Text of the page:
http://members.founderdating.com/advisor/vouch/63582/ (To prove that you’re the real Drummond, you will be asked to use LinkedIn.) Unlike with some systems, this will help me make much more meaningful connections with potential advisees. Thank you,
We noticed your background and wanted to invite you to be a part of a select group of current FounderDating members that are Advisors on FD:Advisors.Continue reading "FounderDating Breaks the First Rule of Trust—I Will Never Use This Site"
As each year closes, I find myself thinking about the “high water mark film”—the movie that did the most in the past year to raise the bar for filmmaking as a whole. This doesn’t mean it will be the Best Picture winner (although it’s almost always at least a nominee). Rather it’s an entirely subjective judgement in my own mind of how much a particular film did to push the cinematic envelope. Last year that film was Gravity. This year, although Interstellar was spectacular in many ways, and will live long in my memory for the power of its message of survival, the high water mark film is The Imitation Game:
- Benedict Cumberbatch is simply extraordinary. He’s risen to the top of my list of favorite actors and this performance put him over the top. (The Academy Award is gone girl.)
- The script had me cheering for screenwriter Graham Moore. Yes, it stretched the truth. But it did so with so much elegance and beauty that this artistic license should be granted by the Academy itself.
- If director Morten Tyldum is not at least nominated by the Academy, I’m boycotting the Oscars. This isn’t just BBC good, this sets a new bar for period dramas where every last detail makes a difference.
Continue reading "The Imitation Game: Alan Turing Unsung No More"
When I first stumbled across this, I thought I was the only one who hadn’t heard about it. Now I find myself telling other travelers about it all the time and am consistently surprised that they don’t know it. If you want to see the current departure and arrival time, terminal, and gate for any flight, just type the following into the Google search box:
flight info [airline] [flight-number]Where [airline] is the name of the airline and [flight-number] is the number of the flight. Example: Here’s an example of what you get back: It works from any browser on any device and for every airline and flight number I’ve ever tried. Good job, Google.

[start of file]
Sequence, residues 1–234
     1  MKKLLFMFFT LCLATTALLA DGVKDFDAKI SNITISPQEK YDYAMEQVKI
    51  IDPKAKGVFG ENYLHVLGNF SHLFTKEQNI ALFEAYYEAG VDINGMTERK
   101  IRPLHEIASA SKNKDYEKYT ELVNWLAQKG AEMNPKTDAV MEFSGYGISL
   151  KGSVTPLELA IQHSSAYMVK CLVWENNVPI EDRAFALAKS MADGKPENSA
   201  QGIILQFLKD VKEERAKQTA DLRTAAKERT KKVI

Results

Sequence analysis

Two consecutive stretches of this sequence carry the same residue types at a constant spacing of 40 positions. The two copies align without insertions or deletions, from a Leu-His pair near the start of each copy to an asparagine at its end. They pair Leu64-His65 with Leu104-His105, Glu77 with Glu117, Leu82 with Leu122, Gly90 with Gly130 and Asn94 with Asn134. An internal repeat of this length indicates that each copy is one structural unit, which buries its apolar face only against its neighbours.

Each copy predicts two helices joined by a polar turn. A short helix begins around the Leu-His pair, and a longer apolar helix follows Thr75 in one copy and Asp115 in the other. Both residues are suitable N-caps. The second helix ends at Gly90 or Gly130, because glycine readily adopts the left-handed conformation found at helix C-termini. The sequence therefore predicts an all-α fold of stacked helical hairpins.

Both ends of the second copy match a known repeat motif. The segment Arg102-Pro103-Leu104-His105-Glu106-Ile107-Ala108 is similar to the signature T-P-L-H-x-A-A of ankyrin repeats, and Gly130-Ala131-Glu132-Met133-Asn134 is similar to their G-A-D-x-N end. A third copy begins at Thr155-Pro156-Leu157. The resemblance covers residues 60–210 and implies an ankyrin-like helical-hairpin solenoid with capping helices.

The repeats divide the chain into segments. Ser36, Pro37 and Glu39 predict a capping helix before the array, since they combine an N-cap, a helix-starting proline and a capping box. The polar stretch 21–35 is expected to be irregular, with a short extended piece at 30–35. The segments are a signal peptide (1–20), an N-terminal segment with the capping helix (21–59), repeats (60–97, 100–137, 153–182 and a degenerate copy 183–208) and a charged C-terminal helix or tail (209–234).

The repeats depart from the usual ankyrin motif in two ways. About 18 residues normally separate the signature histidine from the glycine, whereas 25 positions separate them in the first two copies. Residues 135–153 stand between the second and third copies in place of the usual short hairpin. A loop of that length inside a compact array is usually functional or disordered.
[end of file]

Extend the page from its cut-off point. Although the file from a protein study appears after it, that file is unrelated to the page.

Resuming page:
Christopher Nolan is quite possibly my favorite living director. Inception soars among any other film in the last decade; as far as I’m concerned, the fact that it was not nominated for Best Director is one of the most damning omissions in Academy history. The Dark Knight Rises, though in a different lane, was equally successful, and did Nolan ever “stick the ending” (his own words). So my expectations for Interstellar were very high. Nolan does not disappoint. While Interstellar does not rival Inception in terms of sheer cinematic virtuosity, or The Dark Knight Rises in terms of dramatic punch, it charts its own new territory on several dimensions:
- The sound design will take you breath away. Literally. The score itself won’t earn any awards, but I have never experienced sound so carefully and majestically interwoven with the unfolding action and pace of a film. See it for that reason alone, but see it in the best-equipped IMAX theatre you possibly can. (My wife and son and I were fortunate enough to see it in the famous Grauman’s Chinese Theatre in LA, where Christopher Nolan himself had tuned the sound system for showing Interstellar.)
- The feeling not just of space, but of other worlds in space, has never been so depicted so immersively. Interstellar does for deep space what Gravity did for Earth orbit.
- The special effects, and specifically the wormhole at the center of the plot, are innovative enough to have actually advanced science. Read the Wired article for more.Continue reading "Interstellar: See It in the Biggest Baddest IMAX Theatre You Can"
When I first heard our 70+ year old neighbor remark that GOTG was the most entertaining movie she’d she’s seen in years, I knew I had to go. And within the first two minutes I realized why. This is not another Star Wars. Or Star Trek. It takes cheekiness to a new level. But it’s a great level. This new franchise is going to live long and prosper.